Enforcement, clean-up efforts ramped up for July Fourth 'Floatilla'

Enforcement, clean-up efforts ramped up for July Fourth 'Floatilla'
(Image: Hawaii News Now)
(Image: Hawaii News Now)
(Image: Hawaii News Now)
(Image: Hawaii News Now)
(Image: Hawaii News Now)
(Image: Hawaii News Now)

WAIKIKI (HawaiiNewsNow) - Hawai'i's near shore waters and coastlines fall under the jurisdiction of the state Department of Land and Natural Resources -- and conservation officers
were out in full force for the Fourth of July "floatilla" in Waikiki.

DOCORE officers conducted patrols on six jet skis and from two vessels.

It's not illegal for anyone over 21 to drink alcohol in the water, but captains can be cited for boating while intoxicated.

Officers weren't carding any of the partygoers, but said they would be approaching anyone who looked underage.

DOCARE officers were also boarding vessels to check for proper paperwork and to ensure there were enough life jackets for every passenger. Captains face a fine of $100 for each person without a flotation device.

An unregistered boat full of young people who were drinking without lifejackets had to be escorted back to the Ala Wai Small Boat Harbor. The operator of the boat was cited for three violations and the boat was impounded.

"This boat was an accident waiting to happen. You mix alcohol, with boating, sun exposure and the lack of safe operations and equipment and it's probably only a matter of time before someone would have gotten hurt," DOCARE Chief, Guy Chang said.

Officers were taking passenger counts to ensure vessels were not overcrowded, which can result in a ticket as well.

City and County Ocean Safety crews were also on patrol to keep an eye out for swimmers who might need assistance, and helped several return back to

DLNR officers enforcement on the water was in conjunction with HPD officers on land, who were patrolling beach parks to cite for littering and prevent underage drinking.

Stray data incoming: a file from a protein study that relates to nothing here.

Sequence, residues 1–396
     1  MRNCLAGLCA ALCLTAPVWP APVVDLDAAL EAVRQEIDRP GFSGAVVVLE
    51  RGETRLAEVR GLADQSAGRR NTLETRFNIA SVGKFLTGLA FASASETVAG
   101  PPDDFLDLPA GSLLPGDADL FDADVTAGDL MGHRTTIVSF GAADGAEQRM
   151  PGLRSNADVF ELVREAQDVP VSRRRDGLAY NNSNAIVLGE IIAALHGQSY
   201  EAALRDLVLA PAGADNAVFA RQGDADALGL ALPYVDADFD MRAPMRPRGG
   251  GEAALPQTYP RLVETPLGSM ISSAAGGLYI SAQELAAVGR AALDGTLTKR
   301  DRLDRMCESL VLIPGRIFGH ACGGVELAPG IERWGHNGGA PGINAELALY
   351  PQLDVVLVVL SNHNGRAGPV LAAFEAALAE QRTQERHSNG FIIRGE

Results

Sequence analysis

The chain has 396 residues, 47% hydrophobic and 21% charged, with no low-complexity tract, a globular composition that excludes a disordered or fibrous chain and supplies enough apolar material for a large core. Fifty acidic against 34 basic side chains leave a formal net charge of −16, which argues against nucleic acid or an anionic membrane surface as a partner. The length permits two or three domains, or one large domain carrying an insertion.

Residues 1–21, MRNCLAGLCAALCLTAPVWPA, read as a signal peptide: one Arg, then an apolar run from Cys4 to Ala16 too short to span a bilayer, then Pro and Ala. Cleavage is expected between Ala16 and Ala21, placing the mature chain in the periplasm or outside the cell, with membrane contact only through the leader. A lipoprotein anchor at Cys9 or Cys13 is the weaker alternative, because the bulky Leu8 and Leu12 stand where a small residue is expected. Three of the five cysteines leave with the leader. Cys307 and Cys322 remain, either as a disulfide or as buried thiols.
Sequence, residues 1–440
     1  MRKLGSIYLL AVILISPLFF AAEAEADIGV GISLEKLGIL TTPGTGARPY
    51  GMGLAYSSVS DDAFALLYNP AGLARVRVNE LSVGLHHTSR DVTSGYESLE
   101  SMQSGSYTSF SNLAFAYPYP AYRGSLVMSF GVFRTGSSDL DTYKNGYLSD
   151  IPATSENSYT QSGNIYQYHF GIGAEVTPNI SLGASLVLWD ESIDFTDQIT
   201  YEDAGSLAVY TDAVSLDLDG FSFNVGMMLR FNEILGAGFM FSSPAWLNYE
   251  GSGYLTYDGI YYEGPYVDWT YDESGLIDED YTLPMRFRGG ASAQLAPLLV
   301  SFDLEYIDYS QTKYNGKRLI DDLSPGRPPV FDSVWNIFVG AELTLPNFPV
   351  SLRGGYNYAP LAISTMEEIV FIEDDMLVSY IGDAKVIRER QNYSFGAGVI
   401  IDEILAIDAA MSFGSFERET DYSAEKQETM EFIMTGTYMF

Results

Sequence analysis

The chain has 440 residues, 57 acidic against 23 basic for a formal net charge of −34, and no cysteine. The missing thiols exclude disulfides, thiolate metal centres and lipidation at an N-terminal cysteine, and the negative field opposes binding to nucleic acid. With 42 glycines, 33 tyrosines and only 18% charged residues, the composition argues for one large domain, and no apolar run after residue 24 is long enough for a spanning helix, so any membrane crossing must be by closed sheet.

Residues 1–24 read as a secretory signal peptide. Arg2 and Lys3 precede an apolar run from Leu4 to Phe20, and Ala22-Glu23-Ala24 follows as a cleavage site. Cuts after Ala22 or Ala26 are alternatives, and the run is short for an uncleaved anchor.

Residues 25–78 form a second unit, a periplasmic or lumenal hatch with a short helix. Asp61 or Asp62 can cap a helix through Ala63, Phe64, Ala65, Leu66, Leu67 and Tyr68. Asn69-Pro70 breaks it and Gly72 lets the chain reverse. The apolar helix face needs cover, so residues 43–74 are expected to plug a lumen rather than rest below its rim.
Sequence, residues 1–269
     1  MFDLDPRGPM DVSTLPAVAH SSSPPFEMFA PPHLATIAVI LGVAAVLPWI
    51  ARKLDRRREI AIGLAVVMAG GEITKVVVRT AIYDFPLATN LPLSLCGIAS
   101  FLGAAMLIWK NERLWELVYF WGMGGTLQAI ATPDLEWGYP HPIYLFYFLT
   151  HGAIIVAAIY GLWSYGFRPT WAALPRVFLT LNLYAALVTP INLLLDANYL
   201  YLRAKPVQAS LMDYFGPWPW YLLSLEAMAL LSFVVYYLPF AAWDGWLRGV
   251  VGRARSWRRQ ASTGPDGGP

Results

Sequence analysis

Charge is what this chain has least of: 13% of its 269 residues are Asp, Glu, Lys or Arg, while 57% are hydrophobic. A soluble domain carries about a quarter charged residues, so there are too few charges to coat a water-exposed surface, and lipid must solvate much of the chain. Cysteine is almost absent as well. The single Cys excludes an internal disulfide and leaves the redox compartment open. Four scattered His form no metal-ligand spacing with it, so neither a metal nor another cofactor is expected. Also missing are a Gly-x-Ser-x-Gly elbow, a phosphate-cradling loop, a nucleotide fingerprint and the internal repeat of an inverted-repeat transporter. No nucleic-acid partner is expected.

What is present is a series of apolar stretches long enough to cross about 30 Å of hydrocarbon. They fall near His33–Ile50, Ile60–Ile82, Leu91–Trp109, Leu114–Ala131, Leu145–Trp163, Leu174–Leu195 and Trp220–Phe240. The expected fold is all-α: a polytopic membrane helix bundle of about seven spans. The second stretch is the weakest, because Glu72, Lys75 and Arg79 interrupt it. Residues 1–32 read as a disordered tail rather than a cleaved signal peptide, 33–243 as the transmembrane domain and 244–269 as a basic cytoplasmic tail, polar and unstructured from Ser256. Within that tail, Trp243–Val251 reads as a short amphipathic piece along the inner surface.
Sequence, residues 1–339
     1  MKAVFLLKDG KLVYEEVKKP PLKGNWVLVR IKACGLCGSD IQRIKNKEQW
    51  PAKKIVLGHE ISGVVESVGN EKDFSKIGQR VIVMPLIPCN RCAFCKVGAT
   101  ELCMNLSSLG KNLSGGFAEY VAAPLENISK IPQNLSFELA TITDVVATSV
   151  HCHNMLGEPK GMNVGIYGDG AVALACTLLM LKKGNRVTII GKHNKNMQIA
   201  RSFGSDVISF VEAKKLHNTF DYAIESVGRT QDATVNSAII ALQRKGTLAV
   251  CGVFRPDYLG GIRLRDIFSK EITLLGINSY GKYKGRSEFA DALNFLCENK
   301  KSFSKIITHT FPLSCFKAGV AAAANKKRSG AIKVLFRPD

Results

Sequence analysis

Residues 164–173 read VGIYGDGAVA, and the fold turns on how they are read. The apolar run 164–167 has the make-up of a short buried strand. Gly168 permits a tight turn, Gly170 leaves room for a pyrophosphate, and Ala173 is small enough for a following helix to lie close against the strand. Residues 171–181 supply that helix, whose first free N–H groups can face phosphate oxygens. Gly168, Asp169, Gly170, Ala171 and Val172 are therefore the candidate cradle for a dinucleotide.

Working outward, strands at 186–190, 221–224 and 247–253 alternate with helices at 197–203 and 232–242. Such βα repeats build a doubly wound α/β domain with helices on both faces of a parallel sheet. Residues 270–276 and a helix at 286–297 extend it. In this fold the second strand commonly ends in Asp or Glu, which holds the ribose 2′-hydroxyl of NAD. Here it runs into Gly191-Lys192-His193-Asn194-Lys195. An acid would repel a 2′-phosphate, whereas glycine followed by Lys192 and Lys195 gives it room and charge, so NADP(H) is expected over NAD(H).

In addition to the law enforcement efforts, a team of volunteers with Sustainable Coastlines spent Independence Day keeping Waikiki waters free of
litter and debris.

"We saw a need and decided instead of just pointing fingers and complaining, to do something about it and be pro-active about keeping our coastlines
and our ocean floor clean," explained Kahi Pacarro, Sustainable Coastlines Hawai'i's Executive Director.

Dozens of abandoned floats and empty beer cans and bottles littered the beachfront of the Royal Hawaiian Hotel after
a "floatilla" on Memorial Day -- leading many community leaders to raise concerns about the Fourth of July went and whether restrictions are needed.

Pacarro insists partgoers don't need regulations to learn to behave, and says his non-profit organization aims to educate and empower them to be more

For the last five years Sustainable Coastlines has hosted a beach clean up each month from the south point of Hawai'i Island all the northwest to
the Kure Atoll, but every Fourth of July they take their efforts to the water.

More than two dozen volunteers gathered at Kewalo Harbor to take a catamaran out to where hundreds of people were celebrating the Fourth of July.

"If we want to keep continuing these events, then we need to do them in a sustainable and respectful manner for the entire island," said Jessica Hodge,
a volunteer.

Using stand-up paddle boards and SUPsquatches, the clean-up team approached boats and people who are floating to let them know they have an option for their trash and to educate them about the non-profit's mission.
"To be out here on the Fourth of July is especially important, because often the debris is placed here from the people out on the water and so it's
a little different than it washing up on shore from being out of our control," said Trisha Martin, another volunteer.

Instead, participants say their Fourth of July efforts afford them the opportunity to catch trash before it floats out into the open ocean or eventually onto a beach.

Volunteers also dived. for rubbish to clear the ocean floor of whatever may have sunk.

"When the mass of people are together partying, it's quite a scene. You dive underwater and it looks like rain of trash," described Pacarro.

Everything is hauled on-board -- where plastics, trash, glass, and aluminum are then sorted.

"90% of all marine debris is plastics, so we want to perpetuate and facilitate the education of removing all that litter from the oceans and we're
doing our small part here to try to collect all that and to keep Hawai'i pristine in nature -- to keep Hawai'i Hawai'i," explained Wesley Wong.

Over the last five years, Sustainable Coastlines estimates they've collected 1,500 pounds of trash just cleaning up at the Fourth of July "floatilla."

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